Anyway, you are still confused about the difference between an internet pipe and content costs. Actors aren't going to lower the rates they ask just because there are new delivery methods available. If anything, having a lot of streaming competition will make content MORE expensive, because the demand will go up for new scripted shows for all these providers to have 'exclusive' content. Hopefully you at least understand economics well enough to understand that when demand (for scripted shows) goes up that the price will increase. Sure, they can go cheap with unknown actors and writers, but it makes a bigger splash when you hire a Kevin Spacey for something like this. There are only so many top actors and actresses out there, if they are receiving more offers they will ask more money and content prices will go UP.
     
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  15. ZandarKoad

    ZandarKoad Mentor

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    Yeah, I don't think any IP based solutions are going to be threatening DBS. I predict they will continue to be offered as a hybrid model for the for at least the next 5 years. I don't care how awesome your internet is, some server somewhere has to SEND that data to JUST YOU. DBS doesn't have that problem. The effective distribution bandwidth is infinite - they could 10x their subscriber base, and distribution costs wouldn't budge.

    Just my 2 cents.
     
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  16. Jan 1, 2017 #177 of 178
    wmb

    wmb Godfather

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    Yeah, not so much. Satellite systems have a finite life. DirecTV10 was launched in 2007, with a mission of 15 years. Maybe they can squeeze out a few more years, maybe not. Replacements aren't cheap and have a long lead time. You can take a look at the DirecTV14 and 15 threads on the time from contracting to in-orbit delivery. It was years.

    IP-based solutions are coming, but they are not mature, yet. Last month, there was a DNS attack using IoT devices. There is a story on Bleeping Computer about an LG TV that got infected with a ransomware virus.

    Five years is a long time. I would expect significant changes in IP delivery, and DirecTV would be foolish not to be part of it.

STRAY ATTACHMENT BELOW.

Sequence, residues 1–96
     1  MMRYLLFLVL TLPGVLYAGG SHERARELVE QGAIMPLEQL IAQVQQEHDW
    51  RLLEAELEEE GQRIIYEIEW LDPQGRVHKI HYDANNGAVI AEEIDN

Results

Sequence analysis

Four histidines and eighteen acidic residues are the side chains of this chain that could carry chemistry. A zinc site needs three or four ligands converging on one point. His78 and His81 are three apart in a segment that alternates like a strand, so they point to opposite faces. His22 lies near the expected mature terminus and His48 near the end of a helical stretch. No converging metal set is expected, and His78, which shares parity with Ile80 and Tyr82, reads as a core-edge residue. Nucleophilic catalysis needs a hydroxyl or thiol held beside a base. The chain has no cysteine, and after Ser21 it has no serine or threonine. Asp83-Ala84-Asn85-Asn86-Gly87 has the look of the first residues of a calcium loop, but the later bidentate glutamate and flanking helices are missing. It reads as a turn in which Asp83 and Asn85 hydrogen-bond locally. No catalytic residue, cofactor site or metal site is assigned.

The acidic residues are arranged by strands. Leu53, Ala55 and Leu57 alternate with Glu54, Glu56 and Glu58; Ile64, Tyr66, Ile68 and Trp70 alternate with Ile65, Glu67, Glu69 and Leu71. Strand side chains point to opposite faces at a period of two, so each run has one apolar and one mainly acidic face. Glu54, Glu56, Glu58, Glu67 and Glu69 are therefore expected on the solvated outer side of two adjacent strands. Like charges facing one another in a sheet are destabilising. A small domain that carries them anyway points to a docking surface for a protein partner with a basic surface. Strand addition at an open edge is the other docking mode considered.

17. Jan 2, 2017 #178 of 178
    slice1900

    slice1900 Well-Known Member

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    I saw an article recently that stated the record for viewers of a live stream was around two million. There's a way to go before the ability exists to handle even an average prime time program if all viewership was streamed, let alone the Super Bowl. We won't be close to this in five years. Nor will we have those rural corners of the country covered with broadband in five years.

    I did a bit of googling to find out how much Directv's satellite fleet costs and found an article (Astrium Picked To Build DirecTV 15 Telecom Satellite - SpaceNews.com) from 2011 that states Directv had four satellites under construction (D14, D15, DLA1 and DLA2) at a total cost of about $1.8 billion. Let's round that up to $500 million per satellite, and assume they only last 15 years they are designed for. That adds up to $33 million per year, which means that each satellite costs 13 cents per month per subscriber. If they dropped 110 & 119 they could go with a fleet of 6 (two each at 99 & 103, one at 101, one in orbit spare) for less than a buck a month.

    Satellite TV delivery is NOT expensive, despite what people may think. The satellites themselves are almost free, compared to the installation of the dish and providing equipment, which is why Directv has always been so focused on driving down the cost of installations and equipment. If you assume a modern Genie type DVR costs $200 and has a five year life, that's over $3 per month per subscriber - about 4x the cost of the ENTIRE satellite fleet!